Like it or not

WP_20170826_006I shouldn’t start a sentence; whether we like it or not.  It’s too easy to say that a state of affairs is unchangeable and give no proof to that effect.  C.S. Lewis said: “Whether we like it or not, God intends to give us what we need, not what we now think we want.” I don’t agree with him but there it is again; no evidence needed because God is invoked.

So, I’ll get around this conundrum and offer some reasons why we just must accept we cannot change a situation that is proving to be more than challenging.

It’s a technocratic world.  Or you could say; the geeks have it.  My reference goes back to the mid-70s.  In that time, we lived in an analogue world.  Yes, there were exotic computers being used and predictions coming from science fiction about robots and endless leisure time ahead but most day-to-day experiences involved simple stuff like a pen and paper and a telephone.

To an extent, early digital equipment started to bring more structure into work life as kitchen table management gave way of planning tools and schedules.  In the 1980s, the widespread take-up of personal computers meant that the creation of elaborate Gantt charts and spreadsheets became every day.  A need for structure and systems gradually overtook the “seat of the pants” way of working.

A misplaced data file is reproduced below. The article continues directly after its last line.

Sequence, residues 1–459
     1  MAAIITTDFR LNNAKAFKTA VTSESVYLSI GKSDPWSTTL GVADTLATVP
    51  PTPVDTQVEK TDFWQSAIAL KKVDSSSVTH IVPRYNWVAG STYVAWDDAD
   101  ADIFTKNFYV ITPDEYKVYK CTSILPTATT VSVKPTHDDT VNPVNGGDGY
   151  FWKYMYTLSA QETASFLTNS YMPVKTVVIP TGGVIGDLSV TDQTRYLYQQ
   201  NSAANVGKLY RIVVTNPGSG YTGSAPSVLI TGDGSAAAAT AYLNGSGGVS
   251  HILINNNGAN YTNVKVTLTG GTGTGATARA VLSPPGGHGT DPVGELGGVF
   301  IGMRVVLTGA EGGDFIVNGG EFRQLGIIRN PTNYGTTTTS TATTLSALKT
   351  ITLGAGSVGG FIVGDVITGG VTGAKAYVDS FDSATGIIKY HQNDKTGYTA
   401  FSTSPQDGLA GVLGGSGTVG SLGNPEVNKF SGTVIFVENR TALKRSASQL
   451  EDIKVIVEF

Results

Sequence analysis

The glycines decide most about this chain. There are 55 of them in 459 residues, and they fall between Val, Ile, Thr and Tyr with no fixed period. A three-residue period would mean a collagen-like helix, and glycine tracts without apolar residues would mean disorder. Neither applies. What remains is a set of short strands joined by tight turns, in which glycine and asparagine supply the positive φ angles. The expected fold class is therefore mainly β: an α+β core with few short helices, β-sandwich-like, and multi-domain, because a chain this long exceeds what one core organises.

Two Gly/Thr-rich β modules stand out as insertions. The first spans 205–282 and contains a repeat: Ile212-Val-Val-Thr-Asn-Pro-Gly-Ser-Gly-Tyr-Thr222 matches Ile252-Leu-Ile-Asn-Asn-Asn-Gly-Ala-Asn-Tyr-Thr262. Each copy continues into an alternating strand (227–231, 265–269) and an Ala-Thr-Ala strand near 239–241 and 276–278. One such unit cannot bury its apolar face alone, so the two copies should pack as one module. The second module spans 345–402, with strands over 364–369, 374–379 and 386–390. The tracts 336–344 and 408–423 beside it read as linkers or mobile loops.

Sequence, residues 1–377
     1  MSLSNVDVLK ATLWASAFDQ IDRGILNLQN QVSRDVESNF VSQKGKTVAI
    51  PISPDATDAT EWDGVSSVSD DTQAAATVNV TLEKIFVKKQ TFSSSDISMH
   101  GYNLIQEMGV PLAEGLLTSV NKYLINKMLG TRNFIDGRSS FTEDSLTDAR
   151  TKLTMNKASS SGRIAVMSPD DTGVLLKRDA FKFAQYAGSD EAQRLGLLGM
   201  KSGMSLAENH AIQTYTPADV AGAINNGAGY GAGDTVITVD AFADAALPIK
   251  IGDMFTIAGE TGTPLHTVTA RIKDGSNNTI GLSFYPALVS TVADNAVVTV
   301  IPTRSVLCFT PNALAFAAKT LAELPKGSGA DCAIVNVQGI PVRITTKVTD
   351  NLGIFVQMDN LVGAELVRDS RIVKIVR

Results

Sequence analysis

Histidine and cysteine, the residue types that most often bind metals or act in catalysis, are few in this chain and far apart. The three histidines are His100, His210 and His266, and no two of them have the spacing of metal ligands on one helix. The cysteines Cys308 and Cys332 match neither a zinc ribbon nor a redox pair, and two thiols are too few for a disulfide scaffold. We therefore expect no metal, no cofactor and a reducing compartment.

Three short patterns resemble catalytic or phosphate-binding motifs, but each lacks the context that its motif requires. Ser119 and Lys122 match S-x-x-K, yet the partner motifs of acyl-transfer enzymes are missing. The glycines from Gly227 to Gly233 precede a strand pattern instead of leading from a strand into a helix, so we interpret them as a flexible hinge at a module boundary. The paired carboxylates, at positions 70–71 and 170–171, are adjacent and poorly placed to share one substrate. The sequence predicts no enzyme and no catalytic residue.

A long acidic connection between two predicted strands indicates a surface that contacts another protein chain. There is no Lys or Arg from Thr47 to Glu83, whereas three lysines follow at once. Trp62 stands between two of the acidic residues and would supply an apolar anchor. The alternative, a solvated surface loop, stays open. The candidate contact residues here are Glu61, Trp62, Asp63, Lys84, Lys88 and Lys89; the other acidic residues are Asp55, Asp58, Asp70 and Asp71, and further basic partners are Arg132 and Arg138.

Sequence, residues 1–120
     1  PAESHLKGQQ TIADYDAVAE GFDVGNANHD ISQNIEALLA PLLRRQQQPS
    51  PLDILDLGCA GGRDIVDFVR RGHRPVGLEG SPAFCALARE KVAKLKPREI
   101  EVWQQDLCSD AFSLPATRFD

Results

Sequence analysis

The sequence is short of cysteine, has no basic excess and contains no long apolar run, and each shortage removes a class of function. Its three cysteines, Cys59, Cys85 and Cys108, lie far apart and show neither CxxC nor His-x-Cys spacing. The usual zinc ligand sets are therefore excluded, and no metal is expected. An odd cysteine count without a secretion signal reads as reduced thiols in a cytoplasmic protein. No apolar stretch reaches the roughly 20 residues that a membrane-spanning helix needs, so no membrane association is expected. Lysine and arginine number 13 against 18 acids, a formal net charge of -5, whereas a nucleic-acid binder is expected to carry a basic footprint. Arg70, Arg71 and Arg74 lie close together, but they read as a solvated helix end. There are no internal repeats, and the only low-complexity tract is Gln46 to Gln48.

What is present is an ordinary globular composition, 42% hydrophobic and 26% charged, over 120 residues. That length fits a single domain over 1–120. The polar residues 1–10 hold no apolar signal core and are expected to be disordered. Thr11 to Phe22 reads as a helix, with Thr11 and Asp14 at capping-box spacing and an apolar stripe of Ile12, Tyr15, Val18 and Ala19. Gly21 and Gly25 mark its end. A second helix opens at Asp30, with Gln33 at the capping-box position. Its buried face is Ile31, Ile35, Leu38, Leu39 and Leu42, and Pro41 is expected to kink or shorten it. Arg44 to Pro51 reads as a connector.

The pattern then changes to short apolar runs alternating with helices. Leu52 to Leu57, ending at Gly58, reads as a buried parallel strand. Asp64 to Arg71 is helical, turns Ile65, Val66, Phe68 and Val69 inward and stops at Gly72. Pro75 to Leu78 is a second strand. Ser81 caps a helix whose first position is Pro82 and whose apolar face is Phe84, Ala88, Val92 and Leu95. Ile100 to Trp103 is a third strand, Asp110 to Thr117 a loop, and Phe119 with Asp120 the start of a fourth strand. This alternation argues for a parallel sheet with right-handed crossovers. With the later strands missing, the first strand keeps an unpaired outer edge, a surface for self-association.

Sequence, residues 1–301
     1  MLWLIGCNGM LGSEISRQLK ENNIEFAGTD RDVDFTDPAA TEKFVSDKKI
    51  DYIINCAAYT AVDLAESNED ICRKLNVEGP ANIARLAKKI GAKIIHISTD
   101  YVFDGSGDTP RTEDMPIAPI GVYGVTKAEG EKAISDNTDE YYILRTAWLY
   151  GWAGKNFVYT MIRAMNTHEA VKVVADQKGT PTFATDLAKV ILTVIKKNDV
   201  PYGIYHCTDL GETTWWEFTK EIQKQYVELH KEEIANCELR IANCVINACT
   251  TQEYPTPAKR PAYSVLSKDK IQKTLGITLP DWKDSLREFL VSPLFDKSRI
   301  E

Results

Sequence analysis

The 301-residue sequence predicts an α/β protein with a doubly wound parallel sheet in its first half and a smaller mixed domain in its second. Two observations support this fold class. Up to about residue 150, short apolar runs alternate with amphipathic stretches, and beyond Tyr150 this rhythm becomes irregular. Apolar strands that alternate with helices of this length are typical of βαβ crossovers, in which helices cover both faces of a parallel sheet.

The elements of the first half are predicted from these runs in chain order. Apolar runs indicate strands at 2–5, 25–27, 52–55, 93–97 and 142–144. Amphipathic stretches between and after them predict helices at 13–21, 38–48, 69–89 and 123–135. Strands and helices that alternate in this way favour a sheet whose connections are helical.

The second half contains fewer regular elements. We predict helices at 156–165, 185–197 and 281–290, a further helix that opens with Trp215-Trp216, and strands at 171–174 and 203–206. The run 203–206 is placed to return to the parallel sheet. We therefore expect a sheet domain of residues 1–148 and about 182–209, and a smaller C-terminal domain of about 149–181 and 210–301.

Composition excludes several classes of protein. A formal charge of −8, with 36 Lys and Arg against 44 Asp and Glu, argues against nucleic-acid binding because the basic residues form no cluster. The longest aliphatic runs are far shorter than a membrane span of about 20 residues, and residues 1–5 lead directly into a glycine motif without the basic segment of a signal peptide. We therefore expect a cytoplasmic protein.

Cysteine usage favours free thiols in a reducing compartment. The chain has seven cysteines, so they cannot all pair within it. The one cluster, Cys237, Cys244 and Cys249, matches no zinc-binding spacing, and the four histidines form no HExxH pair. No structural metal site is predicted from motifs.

This was not for everyone, as some organisations considered themselves immune or languished in a holding pattern.  A danger of decline faced those who resisted adopting the latest technology and ways of working.  Generally, the institutes of Government were slow to change.  In particular, the long-lived democratic institutions struggled with the wave of systematic ways of working that have become the mode.

What’s my point?  It’s evident to me that, this week, the signals coming from negotiations in Brussels are not good.  That part of what is going on is a clash between the new and the old.  When systematic and methodical people meet casual, make-it-up-as-you-go along people there’s inevitably a clash.  Who’s in the right or who’s in the wrong hardly matters at all if two parties can’t see eye-to-eye.  Let’s go back to my initial assertion; it’s a technocratic world.  Well it is and the laissez-faire people who try to deny that fact aren’t going to be winners.

Author: johnwvincent

Our man in Southern England

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